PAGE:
Going medieval on the female reproductive system

Speaking of Todd Akin, Cory posted yesterday about the history of the bogus idea that women who were raped (excuse me, "legitimately" raped) can't get pregnant from it, citing a medical/legal text from 1785. In a story at The Week, we learn that this particular bit of misinformation is, in fact, even older than that, dating back to 1290. So Akin is propagating a belief that has been spread—despite a complete lack of evidence to support it—since the 13th century. Good times.


  1. Years and years ago some reasonably famous academic (but I don’t remember who, and it seems unupfrontily googleable) contended that – mentally – most people on the planet were still living in the thirteenth century. So I guess it’s not too surprising to find a congress person doing it.

    1. Considering that a large chunk of the world still lives in poverty and is not able to enjoy all the same things we take for granted; that statement is probably startlingly true.

  2. I’m not sure I follow the argument being posed here.

    Belief in something today that was accepted as true from centuries ago, doesn’t make that belief wrong. It also doesn’t make it right. It just makes it old.

    1. While I get your point, sort of, I think you’re nit picking.
      As far as I’m aware there is no scientific evidence that the claim is true, and so that does make it a medieval myth. This whole ‘5% chance of conception during rape’ argument is based on a flawed study that included cases of rape where condoms were used, so there would be no expectation of conception anyway.

    2. You’re kidding, right? Does this need to be explained? Holy rationalizer, Batman.

      If your doctor told you that he was giving up on prescription medicines and instead was going to leech you for your pnuemonia, you wouldn’t be defending a belief in antiquated science as neither ‘right’ nor ‘wrong’ but simply old’. You’d call it was the factless, dangerous horseshit that it is. If someone tried to inject talk about leeches into the healthcare debate and began to seriously discuss the role of leeches as a replacement for Medicare or emergency rooms, you’d probably be as galled as I am. So what gives?

      Oh right. Rape culture rationalization knows no bounds, apparently.

      1. Actually, leeches would be better.   There are a very few cases in which leeches have actual medical uses.  Unlike this nonsense.

      2. Funny thing is that leeches have some medical uses, tho not in any of the senses they were used back then.

    3. Available information says the belief is wrong.  Maybe people didn’t know better 700 years ago, but they do (or at least they SHOULD) now.

      The U.S. has a disturbing number of people who cling to (and perpetuate) outdated beliefs and systems regardless of the facts, and Akin is the current posterboy.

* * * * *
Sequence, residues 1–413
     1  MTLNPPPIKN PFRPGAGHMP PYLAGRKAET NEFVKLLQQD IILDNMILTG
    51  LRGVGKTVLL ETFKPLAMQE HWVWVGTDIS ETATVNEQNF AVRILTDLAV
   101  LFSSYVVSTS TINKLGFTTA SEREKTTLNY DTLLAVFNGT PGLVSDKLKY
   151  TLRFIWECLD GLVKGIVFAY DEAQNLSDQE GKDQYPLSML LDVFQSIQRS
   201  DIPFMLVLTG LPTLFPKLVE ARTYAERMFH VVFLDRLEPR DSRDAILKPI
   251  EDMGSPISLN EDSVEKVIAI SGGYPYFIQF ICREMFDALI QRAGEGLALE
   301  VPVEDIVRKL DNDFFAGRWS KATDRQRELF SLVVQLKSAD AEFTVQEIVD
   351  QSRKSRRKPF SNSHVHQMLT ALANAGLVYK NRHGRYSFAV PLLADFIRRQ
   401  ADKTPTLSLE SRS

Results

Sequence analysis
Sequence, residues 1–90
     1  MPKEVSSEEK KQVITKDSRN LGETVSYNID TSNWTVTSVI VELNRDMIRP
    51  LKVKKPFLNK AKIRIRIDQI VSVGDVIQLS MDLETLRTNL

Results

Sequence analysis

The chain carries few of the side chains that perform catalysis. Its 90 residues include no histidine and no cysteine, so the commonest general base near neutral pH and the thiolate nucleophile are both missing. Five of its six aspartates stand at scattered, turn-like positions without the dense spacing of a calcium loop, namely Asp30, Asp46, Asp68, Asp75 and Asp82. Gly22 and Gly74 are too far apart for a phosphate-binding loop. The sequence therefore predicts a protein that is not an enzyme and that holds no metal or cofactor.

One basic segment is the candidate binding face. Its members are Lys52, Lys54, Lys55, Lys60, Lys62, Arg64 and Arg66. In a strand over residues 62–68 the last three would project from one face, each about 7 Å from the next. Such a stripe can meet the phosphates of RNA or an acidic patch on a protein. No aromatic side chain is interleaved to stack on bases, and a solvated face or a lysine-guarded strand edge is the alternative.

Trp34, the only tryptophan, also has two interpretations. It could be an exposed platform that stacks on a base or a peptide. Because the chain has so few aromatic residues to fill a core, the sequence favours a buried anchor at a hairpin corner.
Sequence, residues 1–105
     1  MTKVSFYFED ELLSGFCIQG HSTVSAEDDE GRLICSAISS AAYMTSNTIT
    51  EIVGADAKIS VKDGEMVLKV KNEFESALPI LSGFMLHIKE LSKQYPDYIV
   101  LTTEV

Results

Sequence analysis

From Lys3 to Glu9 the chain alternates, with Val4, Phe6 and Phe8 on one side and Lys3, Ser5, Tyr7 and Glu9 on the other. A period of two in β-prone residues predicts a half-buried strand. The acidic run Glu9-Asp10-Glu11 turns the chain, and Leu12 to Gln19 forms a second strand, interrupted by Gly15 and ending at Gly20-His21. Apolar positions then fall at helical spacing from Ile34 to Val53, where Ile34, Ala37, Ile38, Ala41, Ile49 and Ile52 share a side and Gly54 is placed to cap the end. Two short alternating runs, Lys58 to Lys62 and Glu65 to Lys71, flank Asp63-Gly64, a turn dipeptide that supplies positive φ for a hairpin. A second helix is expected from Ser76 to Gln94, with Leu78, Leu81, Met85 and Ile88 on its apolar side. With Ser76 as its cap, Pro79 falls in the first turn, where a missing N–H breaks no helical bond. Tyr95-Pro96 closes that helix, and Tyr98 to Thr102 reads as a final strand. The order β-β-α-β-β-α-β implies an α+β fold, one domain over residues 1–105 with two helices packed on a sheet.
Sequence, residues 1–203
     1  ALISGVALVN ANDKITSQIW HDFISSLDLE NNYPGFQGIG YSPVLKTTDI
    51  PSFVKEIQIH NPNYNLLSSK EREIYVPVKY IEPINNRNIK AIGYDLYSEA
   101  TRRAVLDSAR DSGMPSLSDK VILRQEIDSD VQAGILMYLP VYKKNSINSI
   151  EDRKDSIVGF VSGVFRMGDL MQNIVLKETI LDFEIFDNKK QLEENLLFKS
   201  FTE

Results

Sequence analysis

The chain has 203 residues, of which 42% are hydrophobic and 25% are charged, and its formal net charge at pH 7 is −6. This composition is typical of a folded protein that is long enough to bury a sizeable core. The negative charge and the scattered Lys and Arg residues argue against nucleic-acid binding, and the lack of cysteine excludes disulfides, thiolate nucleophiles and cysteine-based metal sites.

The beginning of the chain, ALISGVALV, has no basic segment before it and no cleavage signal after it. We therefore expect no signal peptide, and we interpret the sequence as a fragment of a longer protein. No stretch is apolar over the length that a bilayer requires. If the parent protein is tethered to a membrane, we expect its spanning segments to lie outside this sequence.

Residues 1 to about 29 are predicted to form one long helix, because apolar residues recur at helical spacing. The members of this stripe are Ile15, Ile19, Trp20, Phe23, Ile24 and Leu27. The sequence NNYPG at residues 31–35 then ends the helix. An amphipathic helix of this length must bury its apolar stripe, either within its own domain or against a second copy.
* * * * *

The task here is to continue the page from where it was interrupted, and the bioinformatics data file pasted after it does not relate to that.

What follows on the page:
4. I think the problem is that until the means exist for proving or disproving a statement it remains a hypothesis. The reasons for the initial hypothesis may have been misogynistic but that in itself does not disprove the hypothesis. We have evidence which the mediaeval world did not.

    5. Actually, Maggie even invalidates your argument, in her text, before you make it –  “Akin is propagating a belief that has been spread—despite a complete lack of evidence to support it—since the 13th century.”

      See that part where it says “despite a complete lack of evidence”? Yeah, that’s the part that tells you that it’s not about the age of belief, it’s about the complete lack of evidence.

      Why didn’t she just come out and say that, you ask? She did. It’s right there. Where it says “despite a complete lack of evidence.”

  3. The bigger issue is that he believes that a lot of rape charges are by women “faking” rape — saying they were raped just to “punish” boyfriends or husbands. He could be misinformed about the former (pregnancy), but the latter belief I find far more troubling in a politician.

    1. I wouldn’t be surprised if it’s more that he thinks that women would falsely claim rape to get a legal abortion, without identifying the rapist. (When there was no rapist, there was just consensual sex, and the woman DOESN’T want to “punish” her partner. But I’m pretty sure there is some belief with the right that “punishment” fraudulent rape claims are rampant, too, there.)

      And, I wouldn’t be surprised if, in an environment where abortion is banned except in cases of rape, women start claiming rape but “can’t identify the attacker”, to get a safe and legal abortion.

      I can only see that ending badly, though, because the conclusion that the religious right would go to is, make some sort of intrusive process to “verify” rape so that women who falsely report rape to get an abortion can’t get one. Which means that, most likely, even MORE rape will go unreported, plus all of the effects on society from reduced and unsafe abortions.

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